It looks like déjà vu all over again on Wall Street. Get ready for a classic play by investment banks; conflict rich reports on companies by analysts who are hustling to generate fees.
This dark mark on Wall Street was supposed to be a memory of the past. In 2003, Wall Street firms and securities regulators entered into a $1.4 billion global settlement seeking to eliminate conflicts of interests between Wall Street research analysts on one side of the house and investment bankers at the other.
At the time, the securities industry was finally forced to recognize the enormous conflict of interest in its business model and how it contributed directly to the dot.com market crash in 2000. With investment bankers on the 32nd floor generating fat fees from listing initial public offerings, how objective could analysts sitting on the 33rd floor be when writing research reports consumed by brokers selling hot stocks to Mom and Pop clients?
After the tech meltdown, new rules and policies were put in place to separate these two functions – investment banking and research – so that retail investors could get access to honest and independent analysis.
Let’s be clear. The $1.4 billion paid in 2003 by a group of Wall Street firms was chump change compared to the billions that the firms make from fees on investment banking deals and brokerage commissions.
The passage of time, however, has eroded this critical investor protection and conflicted research appears to be back again in full force.
According to a recent Wall Street Journal article, companies like Coach will not allow analysts who issue “sell” ratings to attend events with clients, namely money managers who work at hedge funds or mutual funds. Indeed, companies of all stripes are limiting access to analysts, according to the Journal report.
Is the securities industry headed back to the dark days of the roaring nineties when investment bankers would berate analysts to improve their ratings on companies in order to cut deals?
“Analysts who want top executives at Coach Inc. to attend private events with their investor clients have to show they are ‘brand ambassadors,’ as the luxury handbag retailer dubs it,” wrote Journal reporters Serena Ng and Thomas Gryta. “You can’t be a brand ambassador if you have a sell rating on Coach’s stock.”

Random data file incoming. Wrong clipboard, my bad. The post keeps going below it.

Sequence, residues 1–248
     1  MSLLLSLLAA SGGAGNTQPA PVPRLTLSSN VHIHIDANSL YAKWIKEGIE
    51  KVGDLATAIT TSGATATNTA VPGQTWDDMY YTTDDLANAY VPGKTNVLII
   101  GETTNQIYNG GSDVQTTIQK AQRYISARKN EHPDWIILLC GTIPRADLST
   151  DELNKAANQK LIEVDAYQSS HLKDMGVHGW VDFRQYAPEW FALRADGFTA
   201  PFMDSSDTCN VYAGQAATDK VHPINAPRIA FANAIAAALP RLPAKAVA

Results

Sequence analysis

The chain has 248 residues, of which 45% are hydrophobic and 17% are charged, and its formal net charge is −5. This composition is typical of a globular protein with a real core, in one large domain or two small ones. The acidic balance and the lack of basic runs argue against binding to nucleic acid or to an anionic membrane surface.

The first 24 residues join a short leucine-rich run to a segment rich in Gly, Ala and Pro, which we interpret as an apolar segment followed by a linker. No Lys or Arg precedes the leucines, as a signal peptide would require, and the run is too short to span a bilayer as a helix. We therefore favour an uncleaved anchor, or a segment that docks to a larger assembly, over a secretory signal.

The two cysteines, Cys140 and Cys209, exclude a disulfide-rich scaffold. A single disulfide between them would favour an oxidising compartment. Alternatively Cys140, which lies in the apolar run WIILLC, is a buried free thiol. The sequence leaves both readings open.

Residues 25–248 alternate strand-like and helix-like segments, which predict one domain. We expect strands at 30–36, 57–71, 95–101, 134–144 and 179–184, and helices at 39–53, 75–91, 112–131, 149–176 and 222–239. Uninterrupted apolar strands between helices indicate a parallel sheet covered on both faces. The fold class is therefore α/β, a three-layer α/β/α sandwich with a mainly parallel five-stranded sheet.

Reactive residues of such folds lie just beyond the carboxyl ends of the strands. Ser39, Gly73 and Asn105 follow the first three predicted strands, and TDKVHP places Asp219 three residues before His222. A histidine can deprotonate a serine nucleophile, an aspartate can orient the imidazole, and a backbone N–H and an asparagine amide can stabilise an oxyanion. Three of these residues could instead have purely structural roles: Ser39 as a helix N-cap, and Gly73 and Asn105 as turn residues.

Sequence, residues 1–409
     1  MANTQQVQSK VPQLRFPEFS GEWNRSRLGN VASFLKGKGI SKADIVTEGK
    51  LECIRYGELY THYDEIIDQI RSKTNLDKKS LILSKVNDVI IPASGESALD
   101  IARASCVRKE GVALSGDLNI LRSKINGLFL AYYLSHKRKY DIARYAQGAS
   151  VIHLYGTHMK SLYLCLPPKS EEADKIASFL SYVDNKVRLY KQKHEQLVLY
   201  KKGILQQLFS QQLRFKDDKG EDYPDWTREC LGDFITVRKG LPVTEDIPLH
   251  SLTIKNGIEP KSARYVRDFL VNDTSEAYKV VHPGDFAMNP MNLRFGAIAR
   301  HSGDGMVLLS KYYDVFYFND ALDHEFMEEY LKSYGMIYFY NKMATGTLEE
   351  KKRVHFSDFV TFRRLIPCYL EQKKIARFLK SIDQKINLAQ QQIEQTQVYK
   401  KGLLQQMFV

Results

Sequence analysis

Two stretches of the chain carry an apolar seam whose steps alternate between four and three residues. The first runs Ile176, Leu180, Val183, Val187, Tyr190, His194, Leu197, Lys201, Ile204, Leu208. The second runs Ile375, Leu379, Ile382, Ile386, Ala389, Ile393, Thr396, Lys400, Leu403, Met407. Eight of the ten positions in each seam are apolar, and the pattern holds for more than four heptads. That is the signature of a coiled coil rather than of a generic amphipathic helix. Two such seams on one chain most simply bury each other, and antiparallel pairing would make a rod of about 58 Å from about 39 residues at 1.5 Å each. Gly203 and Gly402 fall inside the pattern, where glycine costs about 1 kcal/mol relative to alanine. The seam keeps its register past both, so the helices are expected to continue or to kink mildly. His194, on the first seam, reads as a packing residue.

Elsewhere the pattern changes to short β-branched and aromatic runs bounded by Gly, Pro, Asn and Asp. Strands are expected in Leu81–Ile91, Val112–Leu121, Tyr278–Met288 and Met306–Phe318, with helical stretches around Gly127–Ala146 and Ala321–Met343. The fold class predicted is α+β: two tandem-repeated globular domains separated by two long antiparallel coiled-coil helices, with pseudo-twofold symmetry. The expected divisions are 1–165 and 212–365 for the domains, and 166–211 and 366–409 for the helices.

“Coach investor-relations chief Andrea Resnick says it takes that approach because of ‘the sheer volume of requests’ from analysts to have its management meet mutual funds, hedge funds and other clients,” the Journal noted. “Coach can’t say yes to everyone, Resnick adds, so it has to decide who gets access—and who doesn’t.”
The 2003 Wall Street settlement saw superstar analysts from Merrill Lynch and Salomon Smith Barney barred for life from the industry because of conflicted research. That was largely due to the fact that analysts’ compensation was based on the amount of investment banking revenue their ratings generated, not whether the research was valuable and honest.
Recall the infamous internal emails disclosed in the settlement. It was revealed that analysts privately viewed some stocks as “pieces of junk” and “pieces of s**t”, which they then publicly touted to Mom and Pop investors as “screaming buys.”
The Journal reported that, as in yesteryear, analysts’ compensation is tied not to their objectivity but the coziness of the relationship they have with the companies they cover. Many Wall Street firms “tally the number of times their analysts take company executives on the road to meet clients and use the number to help decide analysts’ annual bonuses,” according to the Journal. As much as “one-third of analysts’ yearly pay can be tied to corporate access.”
Other signs point to a dangerous level of cooperation between stock analysts and companies they cover. The number of current “sell” ratings on company stocks are minuscule, with the Journal reporting that “just 6% of the roughly 11,000 recommendations on stocks in the S&P 500 Index are sell or equivalent ratings.”
Makes you think back to 2003 and the conflicts of interest the regulators highlighted, doesn’t it?
Yogi Berra once famously said, “It’s like déjà vu all over again.” The late, great Yankees catcher was talking about playing baseball, but he could have been easily speaking about the securities industry and the embedded conflicts between its bankers and analysts. It’s like 2003 all over again.
Zamansky LLC are investment and stock fraud attorneys representing investors in federal and state litigation and arbitration against financial institutions.